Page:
Money magazine editor Effie Zahos tweeted this week about a home loan applicant’s reported experience of being questioned by a lender about a $59 purchase made at a pet store and specifically being asked why they didn’t reveal they owned a pet.
“Turns out the applicant purchased a gift at the pet store and they didn’t own any pets themselves,” she tweeted yesterday.
“The lender then asked for a further 60 days’ history of that applicants’ accounts before approving the loan.”
This follows recent reports that lenders are going through people’s expenses with a fine-tooth comb, including scrutinising how much and how often they splash out on holidays, clothing and takeaway food rather than relying on the Household Expenditure Measure (HEM) – a basic living expenses calculation.
Other spending habits, including a person’s use of Uber Eats and online shopping have also reportedly been part of some banks’ assessment of a person’s capacity to meet loan repayments on top of borrowers’ basic living expenses, including utility bills, medical costs and grocery bills.
The rest of this true case study is just as surprising. Turns out the applicant purchased a gift at the pet store & they didn’t own any pets themselves. The lender then asked for a further 60 days’ history of that applicants accounts before approving the loan. https://t.co/7FT7PAKPHI
— Effie Zahos (@effiezahos) November 8, 2018
Research firm Digital Finance Analytics’ founder Martin North told Canstar tougher scrutiny of people’s expenses had a part to play in the steep fall in the number of home loan approvals this year.
“A large number of applications are being caught up in the red tape – having to prove this and to prove that,” Mr North said.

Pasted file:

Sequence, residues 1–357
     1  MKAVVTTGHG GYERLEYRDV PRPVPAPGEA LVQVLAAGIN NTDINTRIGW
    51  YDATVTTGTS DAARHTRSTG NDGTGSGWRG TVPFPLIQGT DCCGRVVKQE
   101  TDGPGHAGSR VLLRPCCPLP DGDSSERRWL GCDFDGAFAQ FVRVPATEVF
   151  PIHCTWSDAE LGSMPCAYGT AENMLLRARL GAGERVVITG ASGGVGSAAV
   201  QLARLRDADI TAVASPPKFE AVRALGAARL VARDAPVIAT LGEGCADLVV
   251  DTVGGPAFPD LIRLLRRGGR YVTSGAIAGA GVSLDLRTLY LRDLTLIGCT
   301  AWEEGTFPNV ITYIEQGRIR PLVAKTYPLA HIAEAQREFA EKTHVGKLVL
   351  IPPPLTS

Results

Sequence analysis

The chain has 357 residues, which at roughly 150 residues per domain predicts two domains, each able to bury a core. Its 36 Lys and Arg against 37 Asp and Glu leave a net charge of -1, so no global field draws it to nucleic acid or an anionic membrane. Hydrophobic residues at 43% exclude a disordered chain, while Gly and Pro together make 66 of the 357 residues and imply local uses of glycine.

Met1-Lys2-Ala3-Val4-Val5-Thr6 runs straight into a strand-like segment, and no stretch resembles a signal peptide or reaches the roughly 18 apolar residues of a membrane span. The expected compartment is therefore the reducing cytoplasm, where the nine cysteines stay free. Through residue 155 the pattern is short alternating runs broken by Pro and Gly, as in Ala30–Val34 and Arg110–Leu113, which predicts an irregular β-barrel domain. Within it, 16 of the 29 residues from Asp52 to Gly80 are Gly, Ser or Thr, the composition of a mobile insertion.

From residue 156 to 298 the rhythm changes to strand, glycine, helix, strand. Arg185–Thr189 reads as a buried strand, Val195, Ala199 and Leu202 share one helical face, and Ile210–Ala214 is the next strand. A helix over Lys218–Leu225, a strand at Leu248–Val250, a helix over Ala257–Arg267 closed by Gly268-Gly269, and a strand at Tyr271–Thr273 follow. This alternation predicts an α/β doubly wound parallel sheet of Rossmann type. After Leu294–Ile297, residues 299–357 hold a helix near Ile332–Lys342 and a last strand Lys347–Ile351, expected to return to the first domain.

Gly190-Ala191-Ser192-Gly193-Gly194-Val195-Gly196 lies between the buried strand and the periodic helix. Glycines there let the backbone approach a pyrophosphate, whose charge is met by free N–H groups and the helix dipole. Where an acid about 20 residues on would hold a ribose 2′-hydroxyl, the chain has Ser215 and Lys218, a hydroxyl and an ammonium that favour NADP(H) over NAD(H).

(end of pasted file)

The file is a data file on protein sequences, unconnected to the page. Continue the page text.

“The banks have reacted quite strongly to the (banking) royal commission with the length of time and amount of paperwork required (for a home loan) increasing and things like pets and if people are planning a family are now all part of the conversation.”
According to Digital Finance Analytics’ latest monthly household survey, 40% of home loan applications were rejected by lenders in September when about a year ago, only 5% were rejected.
Canstar’s Group Executive of Financial Services Steve Mickenbecker said retreating property prices and regulators demanding tougher lending standards were also affecting home loan approval processes.
“It was inevitable that banks would become more intrusive about your spending habits,” Mr Mickenbecker said.
“But this is not all bad news for borrowers. It is far less damaging to be told to go away and get your budget into order first than to get the green light for a loan only to discover that you can’t make the payments.”
Owning a pet and the money people are willing to spend on their fur babies have been increasing over the years.
Insurer AAMI has estimated the annual cost of owning a pet to be $1,335 a year and about $13,000 over the pet’s lifetime based on the average lifespan of 10 years.
AAMI’s recent survey of more than 1,000 pet owners found dogs were the most commonly owned pet (48%), followed by cats (28%), fish (9%) and birds (8%).
A pet dog cost on average nearly $1,500 a year, including $662 on food, about $400 on veterinary bills and $100 on grooming, Animal Medicines Australia’s latest report on pet ownership says.
According to Canstar’s database, average annual pet insurance premiums for a small dog that’s two to three years old is about $730, up from $702 last year.